Mechanism of Rhizoma Coptidis in epilepsy with network pharmacology

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Dan Huang
Yan Lv
Chuansen Lu
Bo Zhang
Zongjun Fu
Yingliu Huang


Rhizoma Coptidis, epilepsy, molecular docking, network pharmacology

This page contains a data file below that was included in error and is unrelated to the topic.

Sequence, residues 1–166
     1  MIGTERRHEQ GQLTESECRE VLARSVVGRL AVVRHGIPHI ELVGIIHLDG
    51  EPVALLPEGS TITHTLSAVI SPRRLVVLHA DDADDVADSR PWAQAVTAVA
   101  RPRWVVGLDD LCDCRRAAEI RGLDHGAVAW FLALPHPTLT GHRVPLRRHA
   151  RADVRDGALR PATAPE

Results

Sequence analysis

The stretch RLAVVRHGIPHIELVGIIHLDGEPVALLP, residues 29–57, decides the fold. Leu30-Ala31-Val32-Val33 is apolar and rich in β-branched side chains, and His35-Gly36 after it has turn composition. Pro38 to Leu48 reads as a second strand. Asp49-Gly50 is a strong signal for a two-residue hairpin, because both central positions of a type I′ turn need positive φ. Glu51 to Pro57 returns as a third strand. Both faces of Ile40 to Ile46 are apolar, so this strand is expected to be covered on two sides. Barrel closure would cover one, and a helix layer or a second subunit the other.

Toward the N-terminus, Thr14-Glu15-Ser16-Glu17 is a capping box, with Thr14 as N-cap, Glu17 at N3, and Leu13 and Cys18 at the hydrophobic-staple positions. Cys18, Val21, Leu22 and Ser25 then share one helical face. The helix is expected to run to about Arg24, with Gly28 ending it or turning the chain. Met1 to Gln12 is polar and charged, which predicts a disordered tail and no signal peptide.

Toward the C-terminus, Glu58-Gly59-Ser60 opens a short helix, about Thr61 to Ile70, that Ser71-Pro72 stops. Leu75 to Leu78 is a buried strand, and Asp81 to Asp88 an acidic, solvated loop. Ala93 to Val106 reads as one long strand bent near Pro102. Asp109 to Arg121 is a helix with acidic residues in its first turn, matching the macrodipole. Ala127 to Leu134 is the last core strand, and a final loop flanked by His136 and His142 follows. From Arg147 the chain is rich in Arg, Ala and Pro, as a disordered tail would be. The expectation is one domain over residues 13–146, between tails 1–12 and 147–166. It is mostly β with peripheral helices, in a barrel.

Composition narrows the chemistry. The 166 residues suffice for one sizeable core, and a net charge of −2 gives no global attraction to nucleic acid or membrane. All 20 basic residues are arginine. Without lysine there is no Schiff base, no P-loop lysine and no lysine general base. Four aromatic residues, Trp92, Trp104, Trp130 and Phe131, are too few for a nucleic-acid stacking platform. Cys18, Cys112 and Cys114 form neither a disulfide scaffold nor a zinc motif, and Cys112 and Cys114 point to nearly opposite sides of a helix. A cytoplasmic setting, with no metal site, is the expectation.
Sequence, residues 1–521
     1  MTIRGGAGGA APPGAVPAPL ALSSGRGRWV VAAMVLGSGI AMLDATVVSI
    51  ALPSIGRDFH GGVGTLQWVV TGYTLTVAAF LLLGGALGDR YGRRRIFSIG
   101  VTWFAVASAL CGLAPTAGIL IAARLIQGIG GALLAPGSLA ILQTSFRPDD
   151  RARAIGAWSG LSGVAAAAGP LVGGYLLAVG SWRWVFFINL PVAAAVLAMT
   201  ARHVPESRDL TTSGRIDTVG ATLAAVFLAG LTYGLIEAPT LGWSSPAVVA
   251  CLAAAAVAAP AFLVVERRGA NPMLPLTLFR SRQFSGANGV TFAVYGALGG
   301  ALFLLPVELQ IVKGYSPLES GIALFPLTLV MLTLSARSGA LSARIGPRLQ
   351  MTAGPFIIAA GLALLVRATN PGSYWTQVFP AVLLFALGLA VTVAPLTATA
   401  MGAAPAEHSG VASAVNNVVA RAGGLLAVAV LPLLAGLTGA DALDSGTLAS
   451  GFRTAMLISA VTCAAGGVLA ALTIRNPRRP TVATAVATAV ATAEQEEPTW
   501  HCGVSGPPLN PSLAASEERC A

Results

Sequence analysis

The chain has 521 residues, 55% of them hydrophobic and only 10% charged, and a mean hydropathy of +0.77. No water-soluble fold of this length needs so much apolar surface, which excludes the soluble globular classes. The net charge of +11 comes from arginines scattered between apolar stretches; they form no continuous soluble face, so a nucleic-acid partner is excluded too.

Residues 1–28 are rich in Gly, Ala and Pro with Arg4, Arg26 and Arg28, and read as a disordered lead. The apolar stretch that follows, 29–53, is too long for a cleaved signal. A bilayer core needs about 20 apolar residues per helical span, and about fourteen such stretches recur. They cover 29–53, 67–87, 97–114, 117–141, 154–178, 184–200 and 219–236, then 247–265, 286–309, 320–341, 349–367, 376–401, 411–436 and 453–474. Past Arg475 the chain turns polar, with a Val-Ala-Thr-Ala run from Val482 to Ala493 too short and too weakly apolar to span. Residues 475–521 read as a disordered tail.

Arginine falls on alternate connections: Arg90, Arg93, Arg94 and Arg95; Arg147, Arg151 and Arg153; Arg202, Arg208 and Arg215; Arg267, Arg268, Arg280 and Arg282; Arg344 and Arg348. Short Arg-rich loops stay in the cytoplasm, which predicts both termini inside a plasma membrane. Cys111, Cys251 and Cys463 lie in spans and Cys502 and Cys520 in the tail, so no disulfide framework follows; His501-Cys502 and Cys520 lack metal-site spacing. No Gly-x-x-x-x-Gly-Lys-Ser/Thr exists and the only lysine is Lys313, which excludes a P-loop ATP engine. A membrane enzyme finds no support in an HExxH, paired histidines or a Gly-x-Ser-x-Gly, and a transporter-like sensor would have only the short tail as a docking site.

Network pharmacology is a bioinformatics-based research strategy aimed at identifying drug actions and facilitating drug discovery. In this study, network pharmacology was used for exploring the anti-epileptic multi-target mechanism of Rhizoma Coptidis. The possible protein targets of Rhizoma Coptidis were predicted by constructing the pathway and network of drug targets. Then, the interaction of the main active components of Rhizoma Coptidis and predicted candidate targets were verified using molecular docking technology. Finally, nine active compounds were selected from Rhizoma Coptidis. A total of 68 targets associated with Rhizoma Coptidis treating epilepsy. The key targets were AKT1, IL6, VEGFA, and TP53. According to GO functional enrichment analysis, 289 items of biological process, 33 items of cellular component, and 55 items of molecular function were obtained. A total of 89 signaling pathways were identified through KEGG pathway enrichment analysis (P < 0.05), and HIF-1, TNF, and T-cell receptor signaling pathways were mainly related to epilepsy. Molecular docking showed quercetin and (R)-canadine combined well with the key targets. The active ingredient in Rhizoma Coptidis can regulate various signaling pathways, and have therapeutic effects on epilepsy.

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